This month I finally re-visited one of my favourite European cities: Prague. As I returned to Prague for the first time in 17 years, I was keen to explore not only the tourist sights, but also the top spots to eat Czech food and drink speciality coffee in the city.
From the castle complex and St. Vitus Cathedral overlooking the narrow streets of Malá Strana (the “Lesser Town”); to the Baroque and Gothic gems dotted around Stare Miasto (the old town) and the romantic bridges; the capital of Czech Republic is full of charms waiting to be discovered.
Before my trip, I partnered with an online gift company called Tinggly. We’ve all been struggling at some point to find the perfect gift for a partner, parent, sibling or friend. Tinggly offers great gift solutions for people who love travel, culture, adventure, and experiences that will last in their memories for years to come. In the gift box you will find a voucher code that has no expiration date and can be redeemed for hundreds of different experiences in 100+ countries around the world.
Tinggly: give stories, not stuff.
I absolutely love the idea of gifting experiences instead of things. After all, experiences are what make our hearts beat and our minds dream! When the Tinggly team reached to offer one of their gift boxes, I immediately accepted. It took me a long time to choose an experience, undecided between the many available in Krakow and London, Tallinn and Prague! In the end, my husband and I decided to book a Half Day Food Trip of Prague for Two. The food tour was organised by Eating Europe and provided a great introduction into Czech food and a taste of local life.
Where to eat in Prague
I was in Prague for just four days, from Saturday afternoon to Wednesday morning. I stayed at Mama Shelter Prague, a cool and quirky hotel located Holešovice, Praha 7, with rooms starting from just €59/night (full disclosure: one night of my stay was complimentary). From the hotel, you can easily walk or hop on a tram down to the old town.
My husband and I spent of our short trip wandering around the old town (stare miasto), malá strana, Prague’s Castle and New Town. These neighbourhoods offer a rare mix of old-world charm and fascinating recent history, with gothic and modern architecture standing side by side.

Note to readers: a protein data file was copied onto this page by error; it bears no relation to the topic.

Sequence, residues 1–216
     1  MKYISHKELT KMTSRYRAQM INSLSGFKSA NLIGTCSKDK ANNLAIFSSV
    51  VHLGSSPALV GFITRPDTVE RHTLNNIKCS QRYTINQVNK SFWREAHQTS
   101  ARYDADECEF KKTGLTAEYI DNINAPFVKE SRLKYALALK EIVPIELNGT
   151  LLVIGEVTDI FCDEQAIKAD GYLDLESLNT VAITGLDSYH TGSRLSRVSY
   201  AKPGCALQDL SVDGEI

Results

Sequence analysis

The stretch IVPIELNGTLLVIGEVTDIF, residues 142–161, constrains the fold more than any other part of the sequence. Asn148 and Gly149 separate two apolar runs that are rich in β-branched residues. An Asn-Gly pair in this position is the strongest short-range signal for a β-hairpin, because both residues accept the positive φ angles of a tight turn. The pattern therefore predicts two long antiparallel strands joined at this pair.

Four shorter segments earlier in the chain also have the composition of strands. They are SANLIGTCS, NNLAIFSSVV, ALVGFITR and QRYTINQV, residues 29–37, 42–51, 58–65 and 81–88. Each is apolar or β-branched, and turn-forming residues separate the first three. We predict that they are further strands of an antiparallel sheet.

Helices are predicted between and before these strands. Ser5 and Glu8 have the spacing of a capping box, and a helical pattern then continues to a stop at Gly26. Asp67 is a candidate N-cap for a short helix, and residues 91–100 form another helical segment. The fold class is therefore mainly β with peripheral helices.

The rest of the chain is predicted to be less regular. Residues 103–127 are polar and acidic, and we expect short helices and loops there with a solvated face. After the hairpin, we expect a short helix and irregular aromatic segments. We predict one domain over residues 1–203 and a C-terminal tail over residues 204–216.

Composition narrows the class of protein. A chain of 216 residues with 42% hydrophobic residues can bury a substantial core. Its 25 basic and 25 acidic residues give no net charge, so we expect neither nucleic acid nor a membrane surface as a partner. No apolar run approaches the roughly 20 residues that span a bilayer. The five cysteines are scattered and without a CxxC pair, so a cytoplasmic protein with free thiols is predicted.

A guide to traditional Czech food and the best places to eat in Prague
Likewise, the food scene of Prague is a mix of traditional and contemporary dishes. Let’s start with the most traditional restaurants where you will get a taste of authentic Czech cuisine and of the city’s famous beer.
A local’s favourite is Lokál which has several locations in the city and draughts the beer straight from the tanks to your pint glass. They also prepare classic Czech dishes, using only fresh ingredients and spices sourced from renowned regional suppliers.
Another fun, beautiful and affordable place to taste Czech food and beer is Cerveny Jelen. Housed in the former building of the Anglo-Czechoslovak Bank, Cerveny Jelen is massive, spread over three floors (each with a different kitchen and menu) and with huge ceilings. Order a Řezané pivo, a drink in which a pale beer (or lager) and a dark beer (porter or stout) are blended together.
St. Norbert’s Brewery located in Strahov Monastery. Since the 17th Century, beer has been brewed on the premises in a style altogether different from the more modern Pilsner varieties that have become the staple in the Czech Republic. It is also a restaurant where you can sample Czech food.
Café Louvre has been in business since 1902 and has welcomed Franz Kafka, Albert Einstein and a host of famous writers. We discovered this historic café during the Eating Prague food tour. There I tasted a classic Czech dish called svíčková: braised beef served on cream with cranberry compote and bread dumplings.
Špejle is a modern bistro offering Czech style tapas and pinchos. I loved the concept of this restaurant to turn traditional Czech recipes into bite-sized dishes. The duck with sauerkraut and gingerbread-dusted potato dumplings was delicious. I paired it with a house made ginger lemonade.
A great place for a tasty and quick vegetarian lunch (but also meat) is Sisters in Pasaz Dlouhá.
Part of the ubiquitous Ambiente restaurant group, Sisters offers a gourmet assortment of the most typical Czech snack food: ‘chlebicky’ (which literally means “little breads”). The concept is similar to Danish open sandwiches, or smørrebrød.